Leena Niemistö, the Alum of the Year 2023 at the Faculty of Medicine, has carved out an impressive career. She is a specialist in physical and rehabilitation medicine, Doctor of Medical Science, a professional board member and a major cultural player. She has headed the medical centres Dextra and Pihlajalinna, and serves as an angel investor in several growth businesses. But what does she think success is?
“Each individual has their own definition for success and succeeding. For me, success is above all a balance between family, work and friends. It’s about achieving the goals set for me, the courage to go down a path of your own and the willingness to put yourself on the line. Success always comes from doing things together, and it also requires a lot of luck,” Niemistö says.
An alum with an emotional connection to the University
Leena Niemistö began her studies at the Faculty of Medicine, University of Helsinki, in 1983. It also meant a move from Rauma to Helsinki for the recent general upper secondary school graduate.
“Getting to study Medicine at the University of Helsinki was my dream and goal as an adolescent. The University provided me with extensive competencies for professional life and a belief in my capabilities. Furthermore, I made lifelong friends and colleagues. The University also taught me to retrieve and interpret information, which is extremely important in these times of disinformation.”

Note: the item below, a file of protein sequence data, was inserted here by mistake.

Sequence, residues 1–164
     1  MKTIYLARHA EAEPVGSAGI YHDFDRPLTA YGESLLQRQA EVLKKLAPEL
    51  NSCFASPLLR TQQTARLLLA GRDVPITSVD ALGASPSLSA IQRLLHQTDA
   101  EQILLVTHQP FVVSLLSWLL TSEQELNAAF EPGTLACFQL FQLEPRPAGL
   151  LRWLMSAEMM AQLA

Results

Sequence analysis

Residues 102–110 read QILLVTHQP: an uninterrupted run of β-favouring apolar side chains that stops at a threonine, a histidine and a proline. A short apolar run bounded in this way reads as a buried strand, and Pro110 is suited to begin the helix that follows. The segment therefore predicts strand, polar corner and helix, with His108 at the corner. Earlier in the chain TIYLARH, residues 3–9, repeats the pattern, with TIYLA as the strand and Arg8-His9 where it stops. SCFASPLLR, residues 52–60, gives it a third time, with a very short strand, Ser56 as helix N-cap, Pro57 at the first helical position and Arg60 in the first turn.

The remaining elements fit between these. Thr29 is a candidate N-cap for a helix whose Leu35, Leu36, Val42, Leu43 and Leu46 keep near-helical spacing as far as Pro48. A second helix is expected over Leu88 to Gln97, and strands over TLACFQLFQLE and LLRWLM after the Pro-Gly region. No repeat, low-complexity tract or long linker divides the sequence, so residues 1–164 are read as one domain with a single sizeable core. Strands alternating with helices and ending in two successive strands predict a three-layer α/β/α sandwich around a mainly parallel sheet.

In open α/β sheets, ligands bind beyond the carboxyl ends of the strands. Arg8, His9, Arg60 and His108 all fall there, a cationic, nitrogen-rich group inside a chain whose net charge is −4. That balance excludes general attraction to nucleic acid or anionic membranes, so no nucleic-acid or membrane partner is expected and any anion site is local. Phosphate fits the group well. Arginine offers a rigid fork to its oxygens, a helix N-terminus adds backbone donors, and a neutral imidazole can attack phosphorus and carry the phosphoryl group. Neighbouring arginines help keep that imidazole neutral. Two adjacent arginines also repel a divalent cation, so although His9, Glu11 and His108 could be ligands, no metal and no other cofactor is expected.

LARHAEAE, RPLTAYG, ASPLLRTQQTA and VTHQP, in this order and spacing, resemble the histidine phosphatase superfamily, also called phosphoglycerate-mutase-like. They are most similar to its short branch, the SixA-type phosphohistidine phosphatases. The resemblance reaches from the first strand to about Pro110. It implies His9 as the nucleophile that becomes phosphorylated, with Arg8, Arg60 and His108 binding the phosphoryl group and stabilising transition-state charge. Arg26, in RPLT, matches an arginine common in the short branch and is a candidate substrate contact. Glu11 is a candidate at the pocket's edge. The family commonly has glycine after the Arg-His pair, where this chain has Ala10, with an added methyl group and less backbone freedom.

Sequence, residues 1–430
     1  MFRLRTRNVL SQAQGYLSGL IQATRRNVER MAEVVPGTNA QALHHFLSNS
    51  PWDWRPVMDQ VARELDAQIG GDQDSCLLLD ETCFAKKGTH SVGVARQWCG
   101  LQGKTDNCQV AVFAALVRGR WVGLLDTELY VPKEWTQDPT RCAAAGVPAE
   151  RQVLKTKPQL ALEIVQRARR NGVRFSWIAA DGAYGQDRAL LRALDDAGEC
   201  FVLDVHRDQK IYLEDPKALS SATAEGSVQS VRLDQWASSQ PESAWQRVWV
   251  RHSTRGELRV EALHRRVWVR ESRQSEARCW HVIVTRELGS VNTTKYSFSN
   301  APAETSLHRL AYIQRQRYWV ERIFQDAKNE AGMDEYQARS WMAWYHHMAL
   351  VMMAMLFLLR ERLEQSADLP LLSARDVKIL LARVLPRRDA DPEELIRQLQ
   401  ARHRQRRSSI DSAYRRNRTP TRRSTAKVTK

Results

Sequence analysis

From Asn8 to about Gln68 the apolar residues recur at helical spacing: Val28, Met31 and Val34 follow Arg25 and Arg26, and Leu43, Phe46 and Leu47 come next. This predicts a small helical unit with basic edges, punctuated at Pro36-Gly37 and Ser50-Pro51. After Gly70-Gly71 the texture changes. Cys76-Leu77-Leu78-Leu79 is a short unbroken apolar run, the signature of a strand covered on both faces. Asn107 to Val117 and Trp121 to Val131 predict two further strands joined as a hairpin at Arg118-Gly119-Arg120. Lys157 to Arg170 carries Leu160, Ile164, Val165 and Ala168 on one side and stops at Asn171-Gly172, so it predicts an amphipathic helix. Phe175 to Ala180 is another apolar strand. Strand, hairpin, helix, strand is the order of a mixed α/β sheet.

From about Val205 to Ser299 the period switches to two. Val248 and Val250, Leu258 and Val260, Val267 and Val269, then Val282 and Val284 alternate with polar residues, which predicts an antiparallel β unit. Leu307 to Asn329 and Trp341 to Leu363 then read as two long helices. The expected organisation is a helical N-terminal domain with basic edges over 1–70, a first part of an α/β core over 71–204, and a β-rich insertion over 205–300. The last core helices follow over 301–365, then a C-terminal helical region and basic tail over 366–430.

For the sixth year, Niemistö is serving on the Advisory Board of the University of Helsinki Alumni Association, where a three-year stint as chair has just ended.
“I’m extremely proud to be an alum of the University of Helsinki and its Faculty of Medicine. My years in alum activities have expanded my networks in the direction of the alums of other faculties and deepened my knowledge of the University of Helsinki as a whole. All the while, my emotional connection to the University has intensified. I definitely recommend getting involved in alum activities!”
Those in need of support must be identified
What does the future of medical education at the University of Helsinki look like through the eyes of a veteran healthcare professional?
“I believe the future is bright, but I’m of course worried about whether there are enough funds for high-quality education. Teaching in doctors’ practical skills and clinical instruction will be as vital in the future as now – they form the core of medical studies,” Niemistö says.
Niemistö is also concerned about the mental health problems of young students.
“We must safeguard the mental, physical and social wellbeing of our students for them to cope and succeed in both the challenges of professional life and their personal lives. This requires a range of interventions from the University and the Finnish Student Health Service alike. For example, a screening toolkit is needed to identify students in need of support.”